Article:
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Definition of "denotative" [de•not•a•tive]

  • Denoting or naming; designative. (adjective)
  • Specific or direct: denotative and connotative meanings. (adjective)

American Heritage(R) Dictionary of the English Language, Fifth Edition. Copyright (c) 2011 by Houghton Mifflin Harcourt Publishing Company. Published by Houghton Mifflin Harcourt Publishing Company. All rights reserved.

Use "denotative" in a sentence
  • "But to call the critical writing of Samuel Johnson or S.T. Coleridge or Henry James "theory" is merely to engage in denotative game playing."
  • "It’s by no means impossible to interpret that in denotative terms, split the portmanteau words back into their roots — “moongrowl” as “mongrel”, “moon” and “growl” — take coinages as new signifiers for new signifieds — “rowl” as a combination of “prowl” and “growl” — and so on."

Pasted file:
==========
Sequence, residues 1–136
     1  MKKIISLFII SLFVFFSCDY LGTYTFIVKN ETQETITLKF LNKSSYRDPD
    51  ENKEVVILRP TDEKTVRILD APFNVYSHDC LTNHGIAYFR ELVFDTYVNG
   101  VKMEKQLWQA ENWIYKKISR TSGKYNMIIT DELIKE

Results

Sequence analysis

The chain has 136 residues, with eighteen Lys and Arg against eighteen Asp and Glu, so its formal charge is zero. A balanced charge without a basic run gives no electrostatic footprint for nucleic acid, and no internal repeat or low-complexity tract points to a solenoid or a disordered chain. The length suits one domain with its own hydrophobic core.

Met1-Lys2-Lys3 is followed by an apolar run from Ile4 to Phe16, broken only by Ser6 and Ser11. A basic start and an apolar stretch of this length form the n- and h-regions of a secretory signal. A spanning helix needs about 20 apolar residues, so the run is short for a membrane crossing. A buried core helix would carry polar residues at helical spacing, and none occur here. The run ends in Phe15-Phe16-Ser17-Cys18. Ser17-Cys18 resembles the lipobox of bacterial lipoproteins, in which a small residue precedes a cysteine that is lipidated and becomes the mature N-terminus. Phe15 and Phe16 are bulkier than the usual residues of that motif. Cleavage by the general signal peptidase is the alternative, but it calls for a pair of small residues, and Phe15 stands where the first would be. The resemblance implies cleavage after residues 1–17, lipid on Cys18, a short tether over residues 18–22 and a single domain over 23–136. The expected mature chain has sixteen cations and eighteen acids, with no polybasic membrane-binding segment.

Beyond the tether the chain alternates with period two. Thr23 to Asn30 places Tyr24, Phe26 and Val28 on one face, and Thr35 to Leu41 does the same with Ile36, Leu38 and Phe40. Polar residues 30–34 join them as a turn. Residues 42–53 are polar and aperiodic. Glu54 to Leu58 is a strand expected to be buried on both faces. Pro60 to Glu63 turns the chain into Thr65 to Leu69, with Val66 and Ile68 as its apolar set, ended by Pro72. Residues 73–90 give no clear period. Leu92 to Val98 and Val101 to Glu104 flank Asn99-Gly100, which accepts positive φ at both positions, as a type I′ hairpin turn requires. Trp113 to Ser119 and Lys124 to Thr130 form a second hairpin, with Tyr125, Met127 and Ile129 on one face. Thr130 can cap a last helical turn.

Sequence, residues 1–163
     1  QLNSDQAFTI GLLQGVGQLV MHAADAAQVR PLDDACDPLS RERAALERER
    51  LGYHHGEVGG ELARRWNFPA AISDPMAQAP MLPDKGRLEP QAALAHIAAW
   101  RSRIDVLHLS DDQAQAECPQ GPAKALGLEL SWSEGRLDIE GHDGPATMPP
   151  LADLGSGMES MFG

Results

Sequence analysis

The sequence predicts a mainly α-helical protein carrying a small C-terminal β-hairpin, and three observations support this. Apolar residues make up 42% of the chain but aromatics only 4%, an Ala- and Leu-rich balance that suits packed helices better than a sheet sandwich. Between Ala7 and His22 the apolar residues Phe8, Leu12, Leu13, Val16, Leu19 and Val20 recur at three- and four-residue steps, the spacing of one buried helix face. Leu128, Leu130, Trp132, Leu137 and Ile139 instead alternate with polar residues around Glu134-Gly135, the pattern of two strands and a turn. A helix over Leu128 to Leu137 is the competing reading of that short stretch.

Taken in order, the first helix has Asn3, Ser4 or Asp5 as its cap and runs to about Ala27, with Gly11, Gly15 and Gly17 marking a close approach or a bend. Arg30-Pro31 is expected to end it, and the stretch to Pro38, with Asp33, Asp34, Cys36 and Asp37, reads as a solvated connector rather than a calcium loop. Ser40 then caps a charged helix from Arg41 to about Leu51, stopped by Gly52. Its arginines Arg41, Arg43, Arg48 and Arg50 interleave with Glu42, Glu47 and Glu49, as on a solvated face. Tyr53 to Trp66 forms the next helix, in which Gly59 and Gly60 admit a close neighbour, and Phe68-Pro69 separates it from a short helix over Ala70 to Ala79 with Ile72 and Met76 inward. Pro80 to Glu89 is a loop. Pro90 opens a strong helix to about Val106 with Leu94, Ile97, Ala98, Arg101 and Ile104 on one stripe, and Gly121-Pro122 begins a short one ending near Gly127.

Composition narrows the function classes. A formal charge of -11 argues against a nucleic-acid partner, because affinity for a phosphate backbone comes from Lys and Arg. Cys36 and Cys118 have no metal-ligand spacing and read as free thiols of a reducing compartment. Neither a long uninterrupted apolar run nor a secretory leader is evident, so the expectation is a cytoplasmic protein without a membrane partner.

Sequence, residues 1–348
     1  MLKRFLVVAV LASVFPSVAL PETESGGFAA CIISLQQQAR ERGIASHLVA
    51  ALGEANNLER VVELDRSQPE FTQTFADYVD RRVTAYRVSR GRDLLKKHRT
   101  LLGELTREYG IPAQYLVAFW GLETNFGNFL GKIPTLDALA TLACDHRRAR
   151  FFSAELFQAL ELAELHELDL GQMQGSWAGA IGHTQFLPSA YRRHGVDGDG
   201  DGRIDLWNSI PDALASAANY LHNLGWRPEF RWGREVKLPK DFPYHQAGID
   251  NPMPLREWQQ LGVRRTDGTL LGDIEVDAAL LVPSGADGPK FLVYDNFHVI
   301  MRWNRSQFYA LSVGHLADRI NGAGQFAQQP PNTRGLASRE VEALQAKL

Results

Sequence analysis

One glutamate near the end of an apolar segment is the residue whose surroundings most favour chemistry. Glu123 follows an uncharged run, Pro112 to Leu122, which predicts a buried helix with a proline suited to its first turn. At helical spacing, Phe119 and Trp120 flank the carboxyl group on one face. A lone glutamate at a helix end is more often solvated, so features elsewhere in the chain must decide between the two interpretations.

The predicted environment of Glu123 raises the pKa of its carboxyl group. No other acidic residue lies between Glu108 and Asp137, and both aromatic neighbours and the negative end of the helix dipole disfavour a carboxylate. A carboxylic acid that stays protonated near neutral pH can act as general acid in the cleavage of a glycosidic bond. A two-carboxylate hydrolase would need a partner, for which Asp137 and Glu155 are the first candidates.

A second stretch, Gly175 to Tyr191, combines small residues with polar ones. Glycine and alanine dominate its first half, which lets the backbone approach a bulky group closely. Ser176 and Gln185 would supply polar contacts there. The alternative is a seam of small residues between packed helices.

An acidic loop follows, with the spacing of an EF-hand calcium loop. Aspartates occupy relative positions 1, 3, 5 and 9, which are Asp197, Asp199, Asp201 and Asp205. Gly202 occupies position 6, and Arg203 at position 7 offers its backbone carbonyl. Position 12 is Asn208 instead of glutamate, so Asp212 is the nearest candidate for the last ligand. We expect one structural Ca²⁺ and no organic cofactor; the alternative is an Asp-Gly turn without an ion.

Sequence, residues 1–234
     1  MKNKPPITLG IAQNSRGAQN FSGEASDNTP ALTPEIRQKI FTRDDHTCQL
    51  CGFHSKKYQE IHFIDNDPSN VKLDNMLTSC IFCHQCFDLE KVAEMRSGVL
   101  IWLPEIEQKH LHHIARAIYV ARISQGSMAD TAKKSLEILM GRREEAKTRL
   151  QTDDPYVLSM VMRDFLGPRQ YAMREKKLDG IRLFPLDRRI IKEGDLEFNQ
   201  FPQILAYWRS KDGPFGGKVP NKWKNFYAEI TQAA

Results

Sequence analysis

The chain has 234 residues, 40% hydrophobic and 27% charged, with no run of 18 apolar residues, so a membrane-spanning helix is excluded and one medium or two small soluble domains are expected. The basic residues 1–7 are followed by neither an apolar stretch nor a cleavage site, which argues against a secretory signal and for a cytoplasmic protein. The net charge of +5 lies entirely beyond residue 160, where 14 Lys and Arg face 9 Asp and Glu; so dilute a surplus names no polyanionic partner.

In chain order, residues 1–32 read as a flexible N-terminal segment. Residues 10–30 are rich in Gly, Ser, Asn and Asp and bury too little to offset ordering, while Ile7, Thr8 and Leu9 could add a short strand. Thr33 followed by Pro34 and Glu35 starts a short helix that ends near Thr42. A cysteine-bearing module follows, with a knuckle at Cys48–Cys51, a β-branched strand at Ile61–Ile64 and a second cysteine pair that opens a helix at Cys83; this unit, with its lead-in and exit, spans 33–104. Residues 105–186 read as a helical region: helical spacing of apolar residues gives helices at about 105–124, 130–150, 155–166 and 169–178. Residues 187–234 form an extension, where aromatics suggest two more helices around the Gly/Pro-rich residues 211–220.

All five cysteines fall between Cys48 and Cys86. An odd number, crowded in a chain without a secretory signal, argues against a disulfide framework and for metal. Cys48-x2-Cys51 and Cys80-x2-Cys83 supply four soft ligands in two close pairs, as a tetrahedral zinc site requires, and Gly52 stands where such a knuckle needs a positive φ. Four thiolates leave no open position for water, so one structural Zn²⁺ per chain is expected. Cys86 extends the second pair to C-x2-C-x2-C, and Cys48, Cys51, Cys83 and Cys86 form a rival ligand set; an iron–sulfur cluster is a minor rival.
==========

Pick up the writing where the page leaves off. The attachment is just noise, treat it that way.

• "White devotes a considerable section of his reply to straightening me out on what philosophers mean by "denotative" and "connotative," for failure to heed this, he suggests, I should "win… some kind of prize for philosophical incompetence.""